One of our staff writers is an editor and, sitting around the gruel pot the other day, she asked our opinions. Her client was in a rush to publish a book by a specific date, because it meshed with a historic event that was about to occur. It was her opinion that there wasn’t time to get the book ready. He said he didn’t care. He’d publish it now and “fix it up later.” What should she do?
Well, that’s a two-layer question. As an editor, she should keep telling the guy what is wrong with his writing, and when it reaches the point he’s happy with it, he can publish it. It’s his book, and all the final decisions are his.
What if You’re the Writer?
What if you have a new/fresh/interesting perspective on a historical event that is about to happen/has just happened/is happening? Should you bang off something in a hurry to catch the wave?
Well there are is one main consideration. Are you a promoter? Do you have a ready-made audience? Because if your topic is truly topical, there isn’t going to be any “later” to fix it up in. You’re talking a flash-in-the-pan, take-the-money-and-run weekly wonder that needs to hit the ground running (sorry about the mangled metaphors) for a very short sprint.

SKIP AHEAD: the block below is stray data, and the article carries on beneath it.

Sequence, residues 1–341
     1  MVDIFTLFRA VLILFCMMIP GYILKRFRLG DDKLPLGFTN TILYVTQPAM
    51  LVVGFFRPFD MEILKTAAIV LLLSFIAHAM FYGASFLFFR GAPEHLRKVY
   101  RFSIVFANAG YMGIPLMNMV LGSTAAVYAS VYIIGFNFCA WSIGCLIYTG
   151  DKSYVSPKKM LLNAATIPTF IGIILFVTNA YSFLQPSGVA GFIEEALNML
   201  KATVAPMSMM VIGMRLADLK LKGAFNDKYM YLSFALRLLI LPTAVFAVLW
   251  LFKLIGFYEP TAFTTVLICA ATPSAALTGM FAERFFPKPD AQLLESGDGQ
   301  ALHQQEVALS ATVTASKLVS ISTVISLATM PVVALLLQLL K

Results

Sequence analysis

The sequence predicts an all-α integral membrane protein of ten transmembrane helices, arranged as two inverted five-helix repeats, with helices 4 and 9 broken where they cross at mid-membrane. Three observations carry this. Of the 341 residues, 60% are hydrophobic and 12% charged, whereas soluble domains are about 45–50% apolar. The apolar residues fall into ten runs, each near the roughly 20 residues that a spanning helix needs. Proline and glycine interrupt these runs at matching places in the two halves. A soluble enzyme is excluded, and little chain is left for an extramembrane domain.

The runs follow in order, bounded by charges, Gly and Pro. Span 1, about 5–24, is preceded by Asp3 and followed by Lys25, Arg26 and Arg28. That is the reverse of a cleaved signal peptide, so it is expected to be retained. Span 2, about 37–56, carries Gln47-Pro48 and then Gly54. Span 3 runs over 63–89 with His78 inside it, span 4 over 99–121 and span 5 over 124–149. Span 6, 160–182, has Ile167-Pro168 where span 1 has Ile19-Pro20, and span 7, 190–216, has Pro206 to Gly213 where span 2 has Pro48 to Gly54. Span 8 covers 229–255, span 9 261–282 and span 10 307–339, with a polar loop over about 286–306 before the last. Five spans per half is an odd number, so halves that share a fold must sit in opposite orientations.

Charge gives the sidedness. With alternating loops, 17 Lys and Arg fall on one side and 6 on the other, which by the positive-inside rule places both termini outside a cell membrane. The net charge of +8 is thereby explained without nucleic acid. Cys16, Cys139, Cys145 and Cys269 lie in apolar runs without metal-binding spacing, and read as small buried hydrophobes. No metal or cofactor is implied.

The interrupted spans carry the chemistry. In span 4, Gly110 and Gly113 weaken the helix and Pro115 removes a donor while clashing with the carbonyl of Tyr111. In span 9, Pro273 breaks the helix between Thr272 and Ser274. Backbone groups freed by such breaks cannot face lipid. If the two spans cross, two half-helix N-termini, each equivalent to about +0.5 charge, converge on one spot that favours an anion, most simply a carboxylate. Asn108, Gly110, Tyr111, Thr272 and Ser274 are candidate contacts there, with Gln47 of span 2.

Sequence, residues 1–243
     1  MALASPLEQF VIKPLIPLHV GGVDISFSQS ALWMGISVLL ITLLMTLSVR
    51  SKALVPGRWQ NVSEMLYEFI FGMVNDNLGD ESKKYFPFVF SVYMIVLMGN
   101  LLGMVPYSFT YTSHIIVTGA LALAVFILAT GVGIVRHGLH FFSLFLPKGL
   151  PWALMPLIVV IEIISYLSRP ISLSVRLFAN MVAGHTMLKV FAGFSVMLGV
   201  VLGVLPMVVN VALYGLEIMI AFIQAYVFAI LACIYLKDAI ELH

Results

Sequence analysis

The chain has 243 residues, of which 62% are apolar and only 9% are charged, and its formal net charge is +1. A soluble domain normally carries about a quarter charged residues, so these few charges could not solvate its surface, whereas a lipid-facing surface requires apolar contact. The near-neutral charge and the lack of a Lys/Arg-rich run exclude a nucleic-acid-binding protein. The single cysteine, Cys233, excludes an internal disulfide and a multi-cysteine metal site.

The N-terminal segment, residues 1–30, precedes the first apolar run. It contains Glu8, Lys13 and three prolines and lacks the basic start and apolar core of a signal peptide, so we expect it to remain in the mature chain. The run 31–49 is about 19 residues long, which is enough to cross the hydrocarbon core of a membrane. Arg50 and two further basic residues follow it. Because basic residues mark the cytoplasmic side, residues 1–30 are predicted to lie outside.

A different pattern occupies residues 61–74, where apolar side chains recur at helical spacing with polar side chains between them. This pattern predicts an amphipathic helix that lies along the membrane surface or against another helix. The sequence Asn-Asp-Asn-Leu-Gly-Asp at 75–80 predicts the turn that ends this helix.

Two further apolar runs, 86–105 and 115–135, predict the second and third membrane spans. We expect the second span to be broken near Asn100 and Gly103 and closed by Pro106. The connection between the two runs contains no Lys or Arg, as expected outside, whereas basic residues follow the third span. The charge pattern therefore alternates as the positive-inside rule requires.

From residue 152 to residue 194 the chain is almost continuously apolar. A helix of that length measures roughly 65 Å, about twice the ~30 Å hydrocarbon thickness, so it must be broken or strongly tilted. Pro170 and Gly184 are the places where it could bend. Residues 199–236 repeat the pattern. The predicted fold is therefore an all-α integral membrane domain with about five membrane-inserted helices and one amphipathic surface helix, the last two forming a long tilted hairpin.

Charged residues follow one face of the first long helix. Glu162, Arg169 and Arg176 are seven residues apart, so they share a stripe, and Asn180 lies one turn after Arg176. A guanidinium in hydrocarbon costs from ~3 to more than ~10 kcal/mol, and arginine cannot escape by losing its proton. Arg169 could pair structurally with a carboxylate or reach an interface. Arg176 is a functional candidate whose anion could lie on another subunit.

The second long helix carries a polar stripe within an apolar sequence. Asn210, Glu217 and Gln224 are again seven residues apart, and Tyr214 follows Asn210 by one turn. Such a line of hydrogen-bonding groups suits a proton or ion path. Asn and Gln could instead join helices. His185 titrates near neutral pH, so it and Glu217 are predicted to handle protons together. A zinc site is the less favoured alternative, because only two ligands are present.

Take me, for example. I blog 1500 words every week. I’ve done the NaNoWriMo a couple of times. On a topic I was conversant with, I could sit down and whip off a presentable book in about three weeks, no problem. With a willing editor, I could have a book up on Kindle in less than two months.
Not a chance. Why not? Because I’m not a promoter. I don’t have a twenty-thousand-strong mailing list of fans just panting for my next book. I don’t have fifty reviewers in my pocket who will read my book on the strength of my former successes and give me a boost on Amazon, Goodreads, and Smashwords. My selling is done on the merits of my books, not on my lame attempts to publicize them. So, no matter how topical and entertaining my new book might be, by the time sales got ramped up to a decent level, the hot topic would be ice cold.
What about Editing?
Personally, I wouldn’t worry about it too much. Let’s assume you’re a decent writer and you get decent proofreading. Then publish. Face it, if you’re writing a here-today-gone-tomorrow Twitter-famous kind of book, your target readership isn’t going to be as fussy. Like any other genre, there is an accepted level of polishing, and if you meet that, no harm, no foul. And if you’re after more information on writing that kind of literature, there are a thousand “How to Write Crap and Sell a Million Copies” books on the internet to help you.
And for those of you considering writing the definitive pandemic novel? Go ahead and start work. There is plenty of time between now and when this is finally over to write, adapt to new developments, rewrite, and get it properly edited.